[Forumromanord] I: U.S. opposition to a war on Iraq

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Author: Tosana Cristina
Date:  
Subject: [Forumromanord] I: U.S. opposition to a war on Iraq

-----Messaggio originale-----
Da: Tosana Cristina=20
Inviato: mercoled=EC 22 gennaio 2003 13.04
A'grupposolidarietainternazionale@???'

Oggetto: I: U.S. opposition to a war on Iraq


Vi inoltro l'ultimo bollettino dell'Associazione pacifista americana =
Moveon che comunica le molte iniziative che stanno organizzando da mesi =
negli USA contro la guerra all'Iraq: si pu=F2 notare che negli USA =
l'opposizione all'intervento armato in Iraq =E8 molto cresciuta negli =
ultimi mesi e sta guadagnando ogni giorno nuovi consensi.Speriamo che =
unendo gli sforzi pacifisti di tutto il mondo si riesca a raggiungere =
l'obiettivo della pace.

C.T.

MEssaggio riginale-----
Da: Wes Boyd, MoveOn.org [mailto:moveon-help@list.moveon.org]
Inviato: luned=EC 20 gennaio 2003 19.07
A: Cristina Tosana
Oggetto: U.S. opposition to a war on Iraq


Dear MoveOn supporters worldwide,

Yesterday, we launched a nationwide TV ad campaign in the U.S.,
which has received a great deal of national and local media
attention. Our key message is "Let the Inspections Work."

You can see the ad itself on our home page at

http://www.moveon.org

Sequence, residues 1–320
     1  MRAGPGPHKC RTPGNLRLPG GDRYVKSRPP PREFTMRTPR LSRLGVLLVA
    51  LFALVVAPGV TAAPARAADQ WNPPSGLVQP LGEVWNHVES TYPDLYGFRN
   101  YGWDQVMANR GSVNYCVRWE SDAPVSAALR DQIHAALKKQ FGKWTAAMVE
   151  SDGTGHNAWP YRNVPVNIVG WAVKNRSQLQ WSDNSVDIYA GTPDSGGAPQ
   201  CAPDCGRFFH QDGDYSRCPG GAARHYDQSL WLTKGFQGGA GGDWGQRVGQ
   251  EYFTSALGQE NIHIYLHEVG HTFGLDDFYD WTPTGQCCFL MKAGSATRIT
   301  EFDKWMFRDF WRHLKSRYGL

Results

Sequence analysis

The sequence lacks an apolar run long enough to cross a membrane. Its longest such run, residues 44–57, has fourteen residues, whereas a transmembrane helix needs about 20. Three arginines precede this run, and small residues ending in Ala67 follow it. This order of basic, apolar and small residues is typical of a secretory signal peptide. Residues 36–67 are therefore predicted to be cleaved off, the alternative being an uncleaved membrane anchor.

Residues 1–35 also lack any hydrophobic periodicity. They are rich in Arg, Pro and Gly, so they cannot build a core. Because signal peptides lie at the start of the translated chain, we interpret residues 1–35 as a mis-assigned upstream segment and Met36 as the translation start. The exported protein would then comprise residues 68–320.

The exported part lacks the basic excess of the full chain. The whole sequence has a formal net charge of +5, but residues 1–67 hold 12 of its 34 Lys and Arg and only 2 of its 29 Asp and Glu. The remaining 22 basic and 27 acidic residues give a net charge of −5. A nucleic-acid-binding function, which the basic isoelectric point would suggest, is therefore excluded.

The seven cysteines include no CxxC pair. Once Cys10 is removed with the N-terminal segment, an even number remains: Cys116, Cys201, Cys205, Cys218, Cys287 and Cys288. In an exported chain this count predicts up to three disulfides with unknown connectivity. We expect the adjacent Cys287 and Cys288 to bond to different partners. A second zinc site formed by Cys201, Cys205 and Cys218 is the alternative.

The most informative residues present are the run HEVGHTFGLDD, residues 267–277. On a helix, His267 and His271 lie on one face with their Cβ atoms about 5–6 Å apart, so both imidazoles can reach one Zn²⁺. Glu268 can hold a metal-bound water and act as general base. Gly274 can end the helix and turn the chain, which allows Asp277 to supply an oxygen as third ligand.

=20
I've also attached some news coverage of the ad below, which
describes the ad in some detail.

This ad is part of our campaign to communicate the depth and
breadth of opposition to an Iraq War, in the U.S. Although
the polls show very thin support for war, until now the media
has not widely reported this.

Our biggest surprise is how many members of the media around
the world are interested in this story. Apparently, the
American public is widely seen as moving lock-step behind the
most extremist members of the Bush administration. Journalists
around the world seem surprised by the strength of opposition
in the U.S.

Please help us spread the word. If you know any members of
the press in your country who should know about our efforts,
please pass this note on to them.

We've posted our press release regarding the ad, still images,
audio, and video suitable for broadcast in our press room at:

http://www.moveon.org/pressroom.html
=20
As a follow-on, this coming Tuesday, more than 7,000 MoveOn
members will be visiting their senators and members of congress
in more than 400 local offices across the nation, asking them
to "Let the Inspections Work." Opposition to war in Iraq is
broad and deep in the U.S. and worldwide. Let's let everyone
know.
=20
Thank you.

Sincerely,

-Wes Boyd
President, MoveOn.org
January 17th, 2002
=20
P.S. I've also attached our recent alert to our U.S. audience
with more details on the campaign below. Our "Let the Inspection
Work" petition has more than 300,000 signatories world-wide.
If you'd like to add your name and comment, go to:

http://www.moveon.org/winwithoutwar

_______________

Dear MoveOn member,

Today's the day. Today we're launching a hard-hitting TV ad across
the nation to underline our key message: "Let the Inspections Work."

In December, we asked members to contribute $27,000 for a print